How to Get Over Yourself and Start Your Own Business Today!

Entrepreneurship dreams are big. Some involve breaking out from under a big corporation's wings for an indie start up. Others foresee making it big with an innovative product and forever changing an industry. And some dreams simply mean the chance to make millions.

But with all the allure of independence, notoriety, and wealth -- why don't more people start businesses right now?

The most common reason of course is fear of failure -- over two-thirds of young people report it. Another common reason cited for not starting up is the lack of identification with entrepreneurship. In other words, many people are either scared of the risk involved or scared that they don't have what it takes to be an entrepreneur.


Nick Nanton and his family

Despite these fears, successful small and large business owners have said repeatedly -- and in this column in particular -- that aspiring entrepreneurs should never let fear hold them back. And these fears, like Ed Tseng teaches in his practice, are all in your head.

Nick Nanton knows this all too well -- and he would like to be very clear in his advice for aspiring entrepreneurs:

Get out there and try it -- today!

Nick started his career 20 years ago (in his bedroom) with aspirations to work in the music business. Where he ended up, even he could not have dreamed. Today he is a partner at his law firm in Orlando, the CEO of The Dicks + Nanton Celebrity Branding Agency, and an author of numerous titles, including the Wall Street Journal Best-Seller "StorySelling" with his partner J.W. Dicks. An award winning-director (with four Emmys under his belt), producer and songwriter, Nick has had the opportunity to start businesses in a variety of fields and learn from others all along the way.

Here he shares how he got to be a leading business and branding guru.

Steve Mariotti: When did you first think of yourself as an entrepreneur?
Nick Nanton:
That's a tough one to answer.

Very early on I noticed that money was something I needed to get candy or toys and that money could be made through some effort. I started to buy candy at local wholesalers like Sam's or Costco and then sell it to kids between classes. Then I figured out that, since I was playing tennis, I could teach neighborhood kids. I put them in groups and charged them $5 or $10 each to make about $50 per hour. I didn't know I was an entrepreneur but that kind of thinking has been part of my fabric forever.


SM: What was your biggest failure and what did you learn from it?
Let me go back to high school, to a failure that stings. For years I had been training to reach the state tennis championships and was in a very good place to win once there. Then I tore my knee at the beginning of the season. I made it to the championships but I did not win.

At the time, this was not a business lesson but what I learned was key to succeeding in business: learn to deal with the circumstances outside of your control, and learn something from them. As they say, what doesn't kill you makes you stronger. After that loss, I still had my health and my future. I learned how to see other opportunities among failures.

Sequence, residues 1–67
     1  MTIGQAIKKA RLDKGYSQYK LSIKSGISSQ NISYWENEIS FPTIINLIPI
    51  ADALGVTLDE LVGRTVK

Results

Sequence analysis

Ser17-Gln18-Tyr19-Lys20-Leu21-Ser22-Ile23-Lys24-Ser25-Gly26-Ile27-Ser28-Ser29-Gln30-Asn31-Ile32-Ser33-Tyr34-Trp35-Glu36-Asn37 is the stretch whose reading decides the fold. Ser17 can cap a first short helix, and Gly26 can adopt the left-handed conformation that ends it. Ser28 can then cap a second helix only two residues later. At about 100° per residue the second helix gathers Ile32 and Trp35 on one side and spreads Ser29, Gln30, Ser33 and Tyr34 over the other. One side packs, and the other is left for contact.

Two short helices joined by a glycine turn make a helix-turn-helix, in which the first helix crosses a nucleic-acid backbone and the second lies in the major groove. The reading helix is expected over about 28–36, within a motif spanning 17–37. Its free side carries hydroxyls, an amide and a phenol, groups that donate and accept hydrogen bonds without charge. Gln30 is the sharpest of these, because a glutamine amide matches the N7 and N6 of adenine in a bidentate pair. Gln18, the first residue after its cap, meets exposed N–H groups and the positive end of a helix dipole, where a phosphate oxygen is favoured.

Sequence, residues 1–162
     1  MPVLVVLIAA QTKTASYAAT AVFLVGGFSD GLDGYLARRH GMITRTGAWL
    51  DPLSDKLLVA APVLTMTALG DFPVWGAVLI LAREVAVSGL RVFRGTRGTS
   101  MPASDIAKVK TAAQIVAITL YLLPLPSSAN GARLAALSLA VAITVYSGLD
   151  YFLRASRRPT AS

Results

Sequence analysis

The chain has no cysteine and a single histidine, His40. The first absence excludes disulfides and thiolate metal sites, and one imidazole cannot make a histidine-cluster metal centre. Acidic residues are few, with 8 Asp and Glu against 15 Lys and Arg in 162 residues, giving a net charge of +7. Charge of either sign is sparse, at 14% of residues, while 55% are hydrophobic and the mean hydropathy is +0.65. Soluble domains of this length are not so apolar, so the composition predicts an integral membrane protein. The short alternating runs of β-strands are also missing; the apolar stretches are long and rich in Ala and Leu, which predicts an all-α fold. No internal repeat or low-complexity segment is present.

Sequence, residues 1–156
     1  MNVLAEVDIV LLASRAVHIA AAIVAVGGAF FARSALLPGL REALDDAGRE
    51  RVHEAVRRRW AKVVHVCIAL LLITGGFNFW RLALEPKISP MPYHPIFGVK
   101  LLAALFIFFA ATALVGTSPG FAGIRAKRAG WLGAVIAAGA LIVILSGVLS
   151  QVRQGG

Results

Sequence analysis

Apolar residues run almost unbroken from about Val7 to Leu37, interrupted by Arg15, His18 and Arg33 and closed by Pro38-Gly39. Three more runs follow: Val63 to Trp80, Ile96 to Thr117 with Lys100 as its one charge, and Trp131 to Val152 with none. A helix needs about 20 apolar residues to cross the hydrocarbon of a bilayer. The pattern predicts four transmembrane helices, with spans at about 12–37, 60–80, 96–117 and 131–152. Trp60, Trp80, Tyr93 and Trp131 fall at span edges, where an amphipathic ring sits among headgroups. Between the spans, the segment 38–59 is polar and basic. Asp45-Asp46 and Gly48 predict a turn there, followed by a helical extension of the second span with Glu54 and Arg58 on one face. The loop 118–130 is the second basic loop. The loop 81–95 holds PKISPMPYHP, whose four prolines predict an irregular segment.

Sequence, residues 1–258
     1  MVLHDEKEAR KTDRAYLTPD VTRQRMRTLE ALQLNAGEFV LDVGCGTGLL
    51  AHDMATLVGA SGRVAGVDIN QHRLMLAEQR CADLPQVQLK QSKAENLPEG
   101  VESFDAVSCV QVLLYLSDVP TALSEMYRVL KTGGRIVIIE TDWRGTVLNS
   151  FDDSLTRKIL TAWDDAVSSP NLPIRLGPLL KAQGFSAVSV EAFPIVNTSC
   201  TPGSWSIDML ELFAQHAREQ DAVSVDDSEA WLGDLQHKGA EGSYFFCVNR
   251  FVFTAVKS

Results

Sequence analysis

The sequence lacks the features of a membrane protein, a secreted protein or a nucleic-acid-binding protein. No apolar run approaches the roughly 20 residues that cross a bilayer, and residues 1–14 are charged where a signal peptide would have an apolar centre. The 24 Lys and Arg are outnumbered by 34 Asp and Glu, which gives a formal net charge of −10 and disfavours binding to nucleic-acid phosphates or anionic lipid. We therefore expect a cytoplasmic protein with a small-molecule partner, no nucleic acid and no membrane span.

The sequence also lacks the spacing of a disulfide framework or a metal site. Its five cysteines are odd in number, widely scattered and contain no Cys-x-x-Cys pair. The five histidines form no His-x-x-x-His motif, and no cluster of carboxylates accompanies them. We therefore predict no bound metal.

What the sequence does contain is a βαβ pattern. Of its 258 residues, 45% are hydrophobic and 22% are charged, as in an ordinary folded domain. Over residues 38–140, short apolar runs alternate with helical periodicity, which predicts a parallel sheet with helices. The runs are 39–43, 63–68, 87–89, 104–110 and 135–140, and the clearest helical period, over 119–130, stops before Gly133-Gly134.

To this day, I use that lesson: when something doesn't pan out I find another opportunity within it.

SM: What was your greatest success and what do you think made it possible?
Outside of my personal life with my family and my kids, my biggest success has been winning four Emmys. The first one was certainly special. It was about a little boy named Jacob who plays tee ball and has Down's Syndrome. It is a story out of Floyd's Knob, Indiana. What was incredible is that I was not making movies or documentaries at the time. I didn't know the family--I met the dad in an airport! But the fact that I was open to hearing their story and caring about them made it possible. It was a story that needed to be told and I was ready to do it.

Another important success from that film was figuring out how to get the movie made -- finding people who are great at what they do and quarterbacking the whole process, which I later learned is called directing. It is about making things happen even if I don't have the skill set or the experience to do it.


SM: What are the biggest challenges someone starting a business in your industry faces today? NN:
The biggest challenge is probably you. You have to
  • be willing to start and ready to innovate.
  • look at where the need is.
  • look ahead -- you cannot take a look at what someone else has been doing for the last ten years; you have to look for what will be happening ten years from now.
SM: What are four tips you would give to up-and-coming professionals in your industry NN:
I would tell people to:
  1. Be flexible. The path you start on is not likely to be the one you end on. If you are flexible, you are more likely to find something really unique and profitable than if you were to just stay on the first path.
  2. Start today. Whether you are in middle school or I don't care where you are--if you think you know what you want to do, start doing it! Start trying, start assisting, starting learning. But do not wait -- you will be left behind all the people who did not wait.
  3. Learn from everyone. Whether it is through reading or listening to podcasts or attending seminars, be open to learning from people in many industries. As they say, success leaves clues.
  4. Go meet people! To get through to the leaders of your field, you often have to fight through their gatekeepers. A way around this is to go to live events, and ask these leaders questions after they speak and lecture. You would be surprised how willing they are to engage with you in the right environment.